• Thus, any such services are prohibited unless an OFAC specific license is obtained.

Blocking by State of Delaware Secretary of State

As a result of the noted services prohibition, the Delaware Secretary of State’s Office of Corporations is “blocking” any entity incorporated in Delaware that has an officer or director in Russia. This blocking includes, but is not limited to, a bar on submitting filings with Delaware relating to the company, and a finding that the entity is no longer in good standing, potentially impacting these businesses as follows:

  • Loss of an entity’s right to use its name in the state, and so long as the loss of good standing continues, possibly allowing a different company to acquire rights to that name within the state;
  • Inability to raise capital if new shares need to be authorized through a charter amendment filed with the Delaware Division of Corporations;
  • Inability to consummate a merger that requires a certificate of merger be filed with the Delaware Division of Corporations;
  • Potentially having the entity’s registered agent for service of process required by Delaware resign without ability to replace it; which can lead to the entity becoming “forfeited”;
  • Inability to file annual reports and pay franchise fees, and following one year of unpaid taxes, the charter of the corporation will become void, and all powers conferred by law upon the corporation will be inoperative unless status is subsequently restored.

Pursuant to a September 2020 Memorandum of Understanding between OFAC and the State of Delaware’s Department of Justice, OFAC and Delaware are working collectively to ensure that Delaware does not provide any services in violation of the May 8 Determination, and as such, that Delaware has blocked and is blocking entities which have filed records with the state that indicate the entity has an officer or director in the Russian Federation.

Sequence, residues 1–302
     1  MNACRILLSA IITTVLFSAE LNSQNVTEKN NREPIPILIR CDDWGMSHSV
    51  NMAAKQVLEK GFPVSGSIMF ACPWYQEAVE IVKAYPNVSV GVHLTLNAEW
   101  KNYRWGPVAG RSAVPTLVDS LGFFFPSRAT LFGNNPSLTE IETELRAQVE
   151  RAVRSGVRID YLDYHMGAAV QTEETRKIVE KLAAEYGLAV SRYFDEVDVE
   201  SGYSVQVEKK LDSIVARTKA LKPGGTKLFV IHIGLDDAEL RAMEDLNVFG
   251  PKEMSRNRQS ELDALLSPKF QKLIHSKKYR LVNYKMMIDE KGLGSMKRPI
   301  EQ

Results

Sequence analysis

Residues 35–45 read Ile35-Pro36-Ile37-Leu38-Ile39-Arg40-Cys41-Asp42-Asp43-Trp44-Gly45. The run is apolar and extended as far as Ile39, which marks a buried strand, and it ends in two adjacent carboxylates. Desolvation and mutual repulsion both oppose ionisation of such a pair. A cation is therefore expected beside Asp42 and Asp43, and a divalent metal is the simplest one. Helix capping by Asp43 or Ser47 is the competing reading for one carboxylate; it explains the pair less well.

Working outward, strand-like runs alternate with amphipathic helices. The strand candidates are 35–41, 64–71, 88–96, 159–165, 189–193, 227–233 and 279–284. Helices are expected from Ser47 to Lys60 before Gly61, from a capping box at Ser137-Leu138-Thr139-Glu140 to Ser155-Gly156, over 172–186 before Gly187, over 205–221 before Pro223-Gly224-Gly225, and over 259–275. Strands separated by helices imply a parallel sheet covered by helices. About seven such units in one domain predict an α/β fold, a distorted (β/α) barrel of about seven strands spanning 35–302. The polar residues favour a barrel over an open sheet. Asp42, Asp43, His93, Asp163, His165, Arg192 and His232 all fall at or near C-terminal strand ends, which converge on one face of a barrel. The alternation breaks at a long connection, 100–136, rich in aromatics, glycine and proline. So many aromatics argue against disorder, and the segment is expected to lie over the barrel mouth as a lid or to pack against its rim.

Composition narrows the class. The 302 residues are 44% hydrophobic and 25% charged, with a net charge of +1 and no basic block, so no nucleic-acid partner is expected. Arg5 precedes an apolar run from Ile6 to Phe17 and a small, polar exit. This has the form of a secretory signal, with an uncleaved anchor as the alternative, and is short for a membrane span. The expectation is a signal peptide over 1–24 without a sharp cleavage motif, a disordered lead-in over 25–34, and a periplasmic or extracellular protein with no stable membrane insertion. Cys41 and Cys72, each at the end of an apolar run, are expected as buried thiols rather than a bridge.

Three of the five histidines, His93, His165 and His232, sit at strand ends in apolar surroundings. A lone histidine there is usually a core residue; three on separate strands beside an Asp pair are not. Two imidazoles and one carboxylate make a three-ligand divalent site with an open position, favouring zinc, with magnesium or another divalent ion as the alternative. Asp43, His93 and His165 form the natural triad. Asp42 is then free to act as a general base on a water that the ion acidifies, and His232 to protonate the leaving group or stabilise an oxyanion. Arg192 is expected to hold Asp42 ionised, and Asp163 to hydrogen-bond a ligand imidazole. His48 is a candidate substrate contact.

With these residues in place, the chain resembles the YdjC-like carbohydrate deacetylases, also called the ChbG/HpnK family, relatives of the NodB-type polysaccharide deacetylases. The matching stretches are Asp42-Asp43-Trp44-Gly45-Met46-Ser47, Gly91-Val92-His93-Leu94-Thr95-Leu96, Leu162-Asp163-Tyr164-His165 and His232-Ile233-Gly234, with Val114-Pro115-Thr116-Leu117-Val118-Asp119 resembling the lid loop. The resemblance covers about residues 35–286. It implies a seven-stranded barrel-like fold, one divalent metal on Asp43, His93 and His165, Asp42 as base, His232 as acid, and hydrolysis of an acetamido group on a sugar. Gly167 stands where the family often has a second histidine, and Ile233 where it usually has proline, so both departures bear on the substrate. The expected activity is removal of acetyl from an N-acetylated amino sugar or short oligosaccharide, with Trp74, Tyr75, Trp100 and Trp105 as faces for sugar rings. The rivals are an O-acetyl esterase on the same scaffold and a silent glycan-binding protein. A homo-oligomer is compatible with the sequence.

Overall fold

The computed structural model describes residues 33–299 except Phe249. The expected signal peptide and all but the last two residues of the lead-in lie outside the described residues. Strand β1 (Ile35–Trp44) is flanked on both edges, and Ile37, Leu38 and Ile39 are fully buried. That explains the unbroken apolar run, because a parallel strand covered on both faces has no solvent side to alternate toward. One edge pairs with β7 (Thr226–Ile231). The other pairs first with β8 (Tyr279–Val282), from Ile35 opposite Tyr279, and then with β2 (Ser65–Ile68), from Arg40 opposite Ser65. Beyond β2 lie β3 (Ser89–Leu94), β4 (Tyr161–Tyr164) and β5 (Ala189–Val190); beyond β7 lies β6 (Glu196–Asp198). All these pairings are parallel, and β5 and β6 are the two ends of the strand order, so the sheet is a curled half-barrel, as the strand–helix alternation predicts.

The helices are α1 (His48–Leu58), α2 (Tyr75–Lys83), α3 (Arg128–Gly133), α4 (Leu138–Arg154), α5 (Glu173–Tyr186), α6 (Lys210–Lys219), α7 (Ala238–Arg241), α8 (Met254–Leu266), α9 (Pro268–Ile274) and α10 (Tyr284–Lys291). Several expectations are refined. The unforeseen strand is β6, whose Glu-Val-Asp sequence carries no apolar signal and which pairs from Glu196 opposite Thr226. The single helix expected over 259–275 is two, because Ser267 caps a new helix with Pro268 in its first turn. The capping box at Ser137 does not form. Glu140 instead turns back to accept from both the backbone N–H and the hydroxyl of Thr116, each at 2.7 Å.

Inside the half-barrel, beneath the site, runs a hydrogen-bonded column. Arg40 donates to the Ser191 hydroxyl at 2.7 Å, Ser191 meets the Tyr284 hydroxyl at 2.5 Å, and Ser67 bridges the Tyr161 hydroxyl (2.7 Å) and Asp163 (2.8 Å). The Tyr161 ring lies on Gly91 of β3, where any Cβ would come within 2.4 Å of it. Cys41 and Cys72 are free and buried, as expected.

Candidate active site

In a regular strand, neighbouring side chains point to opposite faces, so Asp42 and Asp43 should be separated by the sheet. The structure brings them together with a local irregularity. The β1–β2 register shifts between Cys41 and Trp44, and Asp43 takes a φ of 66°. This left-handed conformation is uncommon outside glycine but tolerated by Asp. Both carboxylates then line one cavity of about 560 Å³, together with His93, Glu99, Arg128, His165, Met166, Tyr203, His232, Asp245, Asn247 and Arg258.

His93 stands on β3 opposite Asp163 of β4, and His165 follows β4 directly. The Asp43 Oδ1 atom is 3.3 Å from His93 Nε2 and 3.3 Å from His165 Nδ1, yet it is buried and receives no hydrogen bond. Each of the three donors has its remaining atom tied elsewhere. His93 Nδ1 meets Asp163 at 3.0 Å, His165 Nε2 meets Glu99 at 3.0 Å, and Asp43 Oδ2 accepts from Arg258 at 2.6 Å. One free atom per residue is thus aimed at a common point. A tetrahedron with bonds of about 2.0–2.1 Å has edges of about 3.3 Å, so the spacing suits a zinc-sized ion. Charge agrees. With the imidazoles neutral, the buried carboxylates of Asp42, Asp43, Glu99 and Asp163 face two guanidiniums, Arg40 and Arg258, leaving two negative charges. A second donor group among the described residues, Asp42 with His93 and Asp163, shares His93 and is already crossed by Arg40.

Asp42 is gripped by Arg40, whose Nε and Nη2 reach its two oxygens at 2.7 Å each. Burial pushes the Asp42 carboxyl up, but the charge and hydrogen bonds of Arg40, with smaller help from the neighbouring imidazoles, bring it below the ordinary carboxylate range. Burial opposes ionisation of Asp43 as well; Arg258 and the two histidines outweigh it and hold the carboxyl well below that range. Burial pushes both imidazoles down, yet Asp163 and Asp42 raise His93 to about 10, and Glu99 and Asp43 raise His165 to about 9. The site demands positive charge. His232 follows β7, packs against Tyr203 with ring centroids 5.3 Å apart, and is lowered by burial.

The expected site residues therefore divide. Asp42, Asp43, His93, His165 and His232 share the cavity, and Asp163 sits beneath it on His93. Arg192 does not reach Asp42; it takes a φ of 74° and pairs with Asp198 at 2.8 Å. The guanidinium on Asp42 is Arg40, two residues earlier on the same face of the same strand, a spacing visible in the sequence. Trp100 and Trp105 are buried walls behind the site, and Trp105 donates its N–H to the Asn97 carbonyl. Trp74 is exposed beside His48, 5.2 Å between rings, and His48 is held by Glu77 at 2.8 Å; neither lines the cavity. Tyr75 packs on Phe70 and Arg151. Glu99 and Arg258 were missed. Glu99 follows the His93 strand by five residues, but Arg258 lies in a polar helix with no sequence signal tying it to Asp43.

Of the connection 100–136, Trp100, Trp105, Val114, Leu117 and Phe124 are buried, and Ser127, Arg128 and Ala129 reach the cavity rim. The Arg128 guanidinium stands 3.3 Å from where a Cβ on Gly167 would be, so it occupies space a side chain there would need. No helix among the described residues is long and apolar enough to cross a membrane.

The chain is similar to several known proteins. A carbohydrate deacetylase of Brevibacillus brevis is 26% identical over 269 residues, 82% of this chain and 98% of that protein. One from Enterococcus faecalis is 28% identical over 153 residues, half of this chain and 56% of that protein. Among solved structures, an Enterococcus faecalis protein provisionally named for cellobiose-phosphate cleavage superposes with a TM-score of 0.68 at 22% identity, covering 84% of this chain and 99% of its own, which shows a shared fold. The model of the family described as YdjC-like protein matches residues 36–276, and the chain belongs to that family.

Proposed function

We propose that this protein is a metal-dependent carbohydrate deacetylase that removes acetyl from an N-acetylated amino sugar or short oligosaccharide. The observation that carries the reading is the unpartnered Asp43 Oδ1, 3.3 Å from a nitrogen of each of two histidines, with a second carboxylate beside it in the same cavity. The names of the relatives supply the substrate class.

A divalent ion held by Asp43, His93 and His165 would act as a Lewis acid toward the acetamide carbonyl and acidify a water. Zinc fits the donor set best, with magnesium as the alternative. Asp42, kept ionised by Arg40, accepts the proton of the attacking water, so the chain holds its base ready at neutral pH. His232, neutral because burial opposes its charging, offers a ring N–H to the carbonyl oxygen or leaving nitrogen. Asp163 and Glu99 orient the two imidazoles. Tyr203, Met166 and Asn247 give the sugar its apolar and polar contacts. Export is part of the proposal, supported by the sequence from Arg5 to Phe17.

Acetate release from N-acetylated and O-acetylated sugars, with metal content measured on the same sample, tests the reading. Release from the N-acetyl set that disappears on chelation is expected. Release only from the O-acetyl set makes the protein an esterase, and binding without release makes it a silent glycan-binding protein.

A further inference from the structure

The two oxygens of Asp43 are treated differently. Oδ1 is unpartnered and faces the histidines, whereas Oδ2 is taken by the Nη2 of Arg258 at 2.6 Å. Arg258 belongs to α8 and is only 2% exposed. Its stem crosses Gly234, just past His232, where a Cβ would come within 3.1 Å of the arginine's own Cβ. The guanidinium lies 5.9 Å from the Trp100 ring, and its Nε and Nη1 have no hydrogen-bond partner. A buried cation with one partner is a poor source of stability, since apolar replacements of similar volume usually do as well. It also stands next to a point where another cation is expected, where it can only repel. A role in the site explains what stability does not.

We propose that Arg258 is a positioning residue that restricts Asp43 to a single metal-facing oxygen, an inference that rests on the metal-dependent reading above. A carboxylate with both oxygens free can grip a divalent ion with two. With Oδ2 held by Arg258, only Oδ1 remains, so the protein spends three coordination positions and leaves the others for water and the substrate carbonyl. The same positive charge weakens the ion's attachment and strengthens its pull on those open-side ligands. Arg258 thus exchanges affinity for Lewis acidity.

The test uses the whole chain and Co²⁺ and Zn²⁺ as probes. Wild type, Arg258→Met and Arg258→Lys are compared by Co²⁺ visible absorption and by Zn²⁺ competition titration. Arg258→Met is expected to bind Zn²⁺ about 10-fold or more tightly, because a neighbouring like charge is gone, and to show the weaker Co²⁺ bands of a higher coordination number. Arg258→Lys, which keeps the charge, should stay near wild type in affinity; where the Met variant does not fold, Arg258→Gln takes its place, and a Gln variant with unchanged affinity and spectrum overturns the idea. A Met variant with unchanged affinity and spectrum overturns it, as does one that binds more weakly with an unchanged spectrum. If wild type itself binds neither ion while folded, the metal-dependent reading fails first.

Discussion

To resolve the unblocking, companies must provide Delaware with the below information and Delaware will, in turn, submit the information to OFAC for a finding as to whether blocking is required. Delaware’s Division of Corporations personnel indicated that the OFAC review takes a minimum of two weeks and the block remains in place during the review. The information required by OFAC consist of the following:

  • Submission by an officer or director of the blocked entity;
  • Contact information, including name, telephone, e-mail, and physical address;
  • Company name and file number;
  • Explanation of the reason for changing or removing the Russian address, including citations to the statute, regulation, policy, guidance, or presidential executive orders, which supports the position that the blocking was in error; and
  • Supporting documentation accompanied by a notarized affidavit stating that the documents are true and correct copies.

Conclusion

The impact of the sanctions on the Russian Federation continue to have far-reaching implications with secondary and tertiary effects. If your entity has any ties to Russia, or Russian nationals or residents, it may be impacted by the OFAC prohibition in a number of ways.